UBC Theses and Dissertations

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UBC Theses and Dissertations

El carácter tradicionalista de la obra de Don Enrique de Villena (1384-1434) Segura, José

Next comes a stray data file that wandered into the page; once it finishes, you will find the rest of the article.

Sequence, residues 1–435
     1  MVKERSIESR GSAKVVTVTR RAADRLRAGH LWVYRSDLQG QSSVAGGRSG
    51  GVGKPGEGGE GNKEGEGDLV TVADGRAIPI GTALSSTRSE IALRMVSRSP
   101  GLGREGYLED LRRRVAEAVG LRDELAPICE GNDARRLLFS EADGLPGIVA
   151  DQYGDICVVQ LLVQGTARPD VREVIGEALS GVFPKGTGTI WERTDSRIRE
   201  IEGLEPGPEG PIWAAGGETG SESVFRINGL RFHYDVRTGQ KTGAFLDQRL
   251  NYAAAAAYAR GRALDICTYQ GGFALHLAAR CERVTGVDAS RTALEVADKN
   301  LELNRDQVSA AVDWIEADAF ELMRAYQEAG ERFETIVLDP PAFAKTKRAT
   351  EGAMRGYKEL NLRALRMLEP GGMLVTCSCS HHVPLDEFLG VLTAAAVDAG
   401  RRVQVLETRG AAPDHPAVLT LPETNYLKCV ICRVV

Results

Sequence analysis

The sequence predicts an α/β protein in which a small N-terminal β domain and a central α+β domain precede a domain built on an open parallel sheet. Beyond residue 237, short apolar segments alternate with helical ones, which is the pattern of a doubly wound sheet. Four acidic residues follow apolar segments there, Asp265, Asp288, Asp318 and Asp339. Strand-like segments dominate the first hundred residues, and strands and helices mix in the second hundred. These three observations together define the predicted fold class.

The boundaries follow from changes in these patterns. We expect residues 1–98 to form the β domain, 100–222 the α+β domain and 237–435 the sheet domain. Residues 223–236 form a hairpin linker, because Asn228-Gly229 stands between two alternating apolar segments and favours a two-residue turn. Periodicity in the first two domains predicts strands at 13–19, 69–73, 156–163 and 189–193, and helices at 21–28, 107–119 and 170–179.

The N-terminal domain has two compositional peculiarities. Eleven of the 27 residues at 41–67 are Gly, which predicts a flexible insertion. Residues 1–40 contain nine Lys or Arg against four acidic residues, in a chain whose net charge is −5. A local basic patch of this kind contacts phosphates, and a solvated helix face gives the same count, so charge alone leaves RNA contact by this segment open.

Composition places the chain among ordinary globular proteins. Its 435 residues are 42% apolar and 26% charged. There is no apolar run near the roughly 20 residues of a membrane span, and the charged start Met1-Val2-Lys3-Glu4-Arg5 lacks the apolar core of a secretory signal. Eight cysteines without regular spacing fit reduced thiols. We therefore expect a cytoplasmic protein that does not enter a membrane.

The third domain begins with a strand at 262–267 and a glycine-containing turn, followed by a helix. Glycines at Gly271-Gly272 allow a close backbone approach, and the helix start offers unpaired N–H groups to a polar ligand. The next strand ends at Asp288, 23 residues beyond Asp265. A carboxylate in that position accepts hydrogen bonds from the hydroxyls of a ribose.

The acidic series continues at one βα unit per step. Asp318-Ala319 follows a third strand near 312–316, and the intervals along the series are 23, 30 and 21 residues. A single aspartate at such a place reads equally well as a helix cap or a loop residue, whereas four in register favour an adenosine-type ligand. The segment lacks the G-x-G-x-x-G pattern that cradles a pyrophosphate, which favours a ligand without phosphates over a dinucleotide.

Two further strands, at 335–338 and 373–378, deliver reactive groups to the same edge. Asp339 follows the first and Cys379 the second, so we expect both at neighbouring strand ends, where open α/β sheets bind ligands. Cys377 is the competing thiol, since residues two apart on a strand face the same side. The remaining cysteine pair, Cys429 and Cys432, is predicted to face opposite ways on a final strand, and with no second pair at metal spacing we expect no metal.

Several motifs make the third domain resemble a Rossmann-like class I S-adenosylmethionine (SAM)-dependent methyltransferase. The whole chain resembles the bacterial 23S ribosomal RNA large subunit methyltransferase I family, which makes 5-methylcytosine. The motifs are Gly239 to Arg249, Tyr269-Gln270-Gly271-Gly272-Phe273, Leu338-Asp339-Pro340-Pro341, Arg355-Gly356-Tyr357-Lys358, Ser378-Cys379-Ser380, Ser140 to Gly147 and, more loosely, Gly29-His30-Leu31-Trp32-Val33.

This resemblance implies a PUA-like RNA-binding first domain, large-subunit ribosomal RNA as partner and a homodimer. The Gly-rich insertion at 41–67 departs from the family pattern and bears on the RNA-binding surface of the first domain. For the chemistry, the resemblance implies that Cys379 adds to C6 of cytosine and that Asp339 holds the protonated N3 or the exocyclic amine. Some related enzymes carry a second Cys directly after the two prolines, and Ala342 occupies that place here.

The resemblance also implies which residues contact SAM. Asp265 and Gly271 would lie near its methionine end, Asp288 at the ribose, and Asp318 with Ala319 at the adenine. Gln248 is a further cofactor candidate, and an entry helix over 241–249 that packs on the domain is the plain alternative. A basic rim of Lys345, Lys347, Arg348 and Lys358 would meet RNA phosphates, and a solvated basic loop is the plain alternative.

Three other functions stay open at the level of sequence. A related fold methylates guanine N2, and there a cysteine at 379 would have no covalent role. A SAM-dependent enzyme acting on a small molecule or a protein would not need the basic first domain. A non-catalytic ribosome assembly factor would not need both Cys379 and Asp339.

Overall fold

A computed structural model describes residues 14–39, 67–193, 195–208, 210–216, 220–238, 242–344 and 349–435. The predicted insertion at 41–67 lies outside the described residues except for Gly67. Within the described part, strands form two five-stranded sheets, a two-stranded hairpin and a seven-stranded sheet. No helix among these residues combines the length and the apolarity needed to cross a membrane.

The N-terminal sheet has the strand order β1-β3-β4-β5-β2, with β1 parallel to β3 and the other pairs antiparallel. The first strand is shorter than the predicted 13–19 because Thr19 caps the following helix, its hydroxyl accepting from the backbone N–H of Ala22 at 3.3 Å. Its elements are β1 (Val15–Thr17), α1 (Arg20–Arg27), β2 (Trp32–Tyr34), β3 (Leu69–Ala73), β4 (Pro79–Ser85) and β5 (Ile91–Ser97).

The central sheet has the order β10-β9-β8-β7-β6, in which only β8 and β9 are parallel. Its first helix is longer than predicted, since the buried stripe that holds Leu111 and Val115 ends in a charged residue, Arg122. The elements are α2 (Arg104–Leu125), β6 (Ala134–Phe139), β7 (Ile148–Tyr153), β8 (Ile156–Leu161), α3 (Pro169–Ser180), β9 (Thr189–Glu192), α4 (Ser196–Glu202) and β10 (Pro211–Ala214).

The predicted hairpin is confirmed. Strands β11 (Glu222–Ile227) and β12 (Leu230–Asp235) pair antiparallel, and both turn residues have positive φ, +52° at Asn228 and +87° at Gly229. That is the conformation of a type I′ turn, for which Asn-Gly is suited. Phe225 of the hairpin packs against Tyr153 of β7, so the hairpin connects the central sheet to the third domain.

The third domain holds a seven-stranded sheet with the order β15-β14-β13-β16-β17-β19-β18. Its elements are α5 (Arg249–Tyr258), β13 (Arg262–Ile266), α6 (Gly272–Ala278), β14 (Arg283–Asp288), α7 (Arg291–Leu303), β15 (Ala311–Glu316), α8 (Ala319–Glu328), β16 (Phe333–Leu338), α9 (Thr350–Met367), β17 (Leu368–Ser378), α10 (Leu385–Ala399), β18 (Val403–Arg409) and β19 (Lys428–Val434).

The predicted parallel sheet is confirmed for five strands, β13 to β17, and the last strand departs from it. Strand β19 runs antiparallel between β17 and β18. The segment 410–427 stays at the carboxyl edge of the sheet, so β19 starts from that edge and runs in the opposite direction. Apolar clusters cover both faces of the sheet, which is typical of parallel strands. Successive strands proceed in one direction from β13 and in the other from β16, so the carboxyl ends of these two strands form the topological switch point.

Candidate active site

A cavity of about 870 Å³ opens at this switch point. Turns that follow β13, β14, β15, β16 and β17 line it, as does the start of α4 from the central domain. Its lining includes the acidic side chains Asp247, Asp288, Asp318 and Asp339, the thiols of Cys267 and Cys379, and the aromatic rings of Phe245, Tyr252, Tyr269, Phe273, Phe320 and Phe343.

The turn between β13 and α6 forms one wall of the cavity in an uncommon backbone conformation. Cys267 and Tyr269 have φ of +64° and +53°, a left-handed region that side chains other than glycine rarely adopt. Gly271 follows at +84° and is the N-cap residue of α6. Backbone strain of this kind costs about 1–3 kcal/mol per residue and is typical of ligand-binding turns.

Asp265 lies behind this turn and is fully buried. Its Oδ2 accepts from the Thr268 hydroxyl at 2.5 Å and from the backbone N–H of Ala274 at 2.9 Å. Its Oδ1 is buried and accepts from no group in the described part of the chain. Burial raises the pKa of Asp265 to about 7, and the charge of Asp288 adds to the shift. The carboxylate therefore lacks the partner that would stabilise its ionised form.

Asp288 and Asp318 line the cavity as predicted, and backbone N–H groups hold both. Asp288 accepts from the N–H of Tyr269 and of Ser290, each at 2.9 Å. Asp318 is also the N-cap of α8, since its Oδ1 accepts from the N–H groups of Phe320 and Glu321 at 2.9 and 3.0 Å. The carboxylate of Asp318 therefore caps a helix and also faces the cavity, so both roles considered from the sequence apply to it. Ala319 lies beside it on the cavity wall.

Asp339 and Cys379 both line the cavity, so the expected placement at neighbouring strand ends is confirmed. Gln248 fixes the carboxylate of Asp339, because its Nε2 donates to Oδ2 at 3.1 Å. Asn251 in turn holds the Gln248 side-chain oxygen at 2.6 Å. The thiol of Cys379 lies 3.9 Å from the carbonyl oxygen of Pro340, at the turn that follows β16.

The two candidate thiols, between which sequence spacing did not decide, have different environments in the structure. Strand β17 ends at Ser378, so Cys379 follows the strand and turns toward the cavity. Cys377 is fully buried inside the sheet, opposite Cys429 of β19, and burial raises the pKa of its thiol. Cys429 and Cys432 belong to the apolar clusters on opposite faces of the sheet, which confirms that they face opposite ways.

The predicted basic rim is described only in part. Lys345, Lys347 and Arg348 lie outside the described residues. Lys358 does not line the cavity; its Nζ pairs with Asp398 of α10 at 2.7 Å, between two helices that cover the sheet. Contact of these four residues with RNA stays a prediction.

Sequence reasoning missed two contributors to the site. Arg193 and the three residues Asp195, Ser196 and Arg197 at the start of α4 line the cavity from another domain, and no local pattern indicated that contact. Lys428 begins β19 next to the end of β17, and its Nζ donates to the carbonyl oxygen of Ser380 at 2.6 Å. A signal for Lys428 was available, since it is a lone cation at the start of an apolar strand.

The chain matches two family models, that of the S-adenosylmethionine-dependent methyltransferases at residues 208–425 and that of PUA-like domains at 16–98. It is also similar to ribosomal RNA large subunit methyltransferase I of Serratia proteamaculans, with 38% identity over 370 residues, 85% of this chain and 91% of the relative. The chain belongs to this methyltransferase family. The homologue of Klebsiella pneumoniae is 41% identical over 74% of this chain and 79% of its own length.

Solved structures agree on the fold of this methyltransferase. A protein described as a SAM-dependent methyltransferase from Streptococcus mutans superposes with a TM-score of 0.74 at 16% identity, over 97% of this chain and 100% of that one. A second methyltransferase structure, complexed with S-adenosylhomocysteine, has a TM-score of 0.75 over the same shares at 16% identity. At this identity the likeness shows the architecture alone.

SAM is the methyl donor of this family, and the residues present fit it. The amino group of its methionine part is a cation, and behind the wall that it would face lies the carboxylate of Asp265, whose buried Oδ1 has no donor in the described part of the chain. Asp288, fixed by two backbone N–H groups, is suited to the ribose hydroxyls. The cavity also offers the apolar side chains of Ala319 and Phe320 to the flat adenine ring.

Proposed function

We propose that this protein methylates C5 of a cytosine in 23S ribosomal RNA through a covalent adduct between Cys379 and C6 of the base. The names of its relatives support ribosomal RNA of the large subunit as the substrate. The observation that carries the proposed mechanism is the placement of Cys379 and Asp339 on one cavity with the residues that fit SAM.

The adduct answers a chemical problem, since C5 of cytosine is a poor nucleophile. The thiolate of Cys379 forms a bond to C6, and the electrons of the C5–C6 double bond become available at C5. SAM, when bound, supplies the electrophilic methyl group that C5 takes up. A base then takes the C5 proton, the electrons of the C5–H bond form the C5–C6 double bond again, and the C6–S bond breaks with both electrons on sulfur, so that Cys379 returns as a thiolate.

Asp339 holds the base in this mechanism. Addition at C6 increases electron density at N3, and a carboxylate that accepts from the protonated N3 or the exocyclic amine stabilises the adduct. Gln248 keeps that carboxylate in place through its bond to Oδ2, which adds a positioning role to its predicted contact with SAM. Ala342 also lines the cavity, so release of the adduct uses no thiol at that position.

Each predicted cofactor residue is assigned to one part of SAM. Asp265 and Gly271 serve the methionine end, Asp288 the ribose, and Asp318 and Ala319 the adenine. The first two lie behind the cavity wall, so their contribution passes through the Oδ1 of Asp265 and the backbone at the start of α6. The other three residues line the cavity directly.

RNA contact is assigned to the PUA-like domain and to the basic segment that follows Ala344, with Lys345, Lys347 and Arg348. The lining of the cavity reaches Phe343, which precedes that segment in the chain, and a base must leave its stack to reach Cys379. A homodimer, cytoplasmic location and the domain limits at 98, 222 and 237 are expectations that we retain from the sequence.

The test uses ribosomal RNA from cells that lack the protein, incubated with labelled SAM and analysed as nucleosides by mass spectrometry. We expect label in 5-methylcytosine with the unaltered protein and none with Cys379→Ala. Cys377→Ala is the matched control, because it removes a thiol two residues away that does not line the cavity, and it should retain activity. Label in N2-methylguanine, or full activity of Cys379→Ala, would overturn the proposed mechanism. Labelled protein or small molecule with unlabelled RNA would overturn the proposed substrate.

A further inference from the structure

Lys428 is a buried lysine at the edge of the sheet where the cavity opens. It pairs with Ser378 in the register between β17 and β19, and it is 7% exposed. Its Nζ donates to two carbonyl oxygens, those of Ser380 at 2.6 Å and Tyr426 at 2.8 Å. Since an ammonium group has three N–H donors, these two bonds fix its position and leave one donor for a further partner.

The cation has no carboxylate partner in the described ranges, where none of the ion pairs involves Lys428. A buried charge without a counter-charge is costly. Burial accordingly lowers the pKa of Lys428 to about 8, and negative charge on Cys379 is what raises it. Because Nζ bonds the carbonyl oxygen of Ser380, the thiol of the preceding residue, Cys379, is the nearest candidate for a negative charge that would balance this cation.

For almost five centuries Enrique de Villena (1384-1434) has been branded as a sorcerer and dismissed as both incredulous and superstitious because of his interest in the so-called "occult" sciences. Partly for this reason, until very recently, his writings have attracted little serious scholarly attention, and an edition of his complete works has only been available since 1994. The present thesis is an overall study of Villena's works within a conceptual framework which reflects the ideological bases wich served as Villena's own point of departure. Drawing on studies of traditional societies by specialists such as Ren6 Gu6non and Ananda K. Coomaraswamy, we are able to formulate a well-defined paradigm that explains not just the philosophical foundations of Ancient and Medieval science and literature, but of all human activity in societies which regard their ultimate foundations as resting on a set of divinely-revealed precepts. Chapter 1 provides a critical review of the main contributions to Villena studies, and defines seven fundamental characteristics of traditionalism (also known as the Philosophia perennis) which, in Chapter 2, we are able to identify in Villena's works. Chapter 3 illustrates the existence in the works of Villena of the two classes of traditional authors, and eight of the most common synonyms for their cognitive organs. Chapter 4 presents the function of the restorer and eleven aspects of the traditional author's modus scribendi as found both in traditionalism and in Villena's works. Chapter 5 selects some distinctive notions which characterize five branches of traditional science so as to illustrate their presence in the scientific works of Villena. This thesis demonstrates that the works of Enrique de Villena can only be fully understood when read in the light of traditional philosophy. It also shows that Villena was attempting to revive this Philosophia perennis in the first half of the fifteenth century, a Philosophia which, because of its faith-based tenets and the need for a special intellectual initiation into the comprehension of its precepts, was being rejected by the increasing rationalism of the age.

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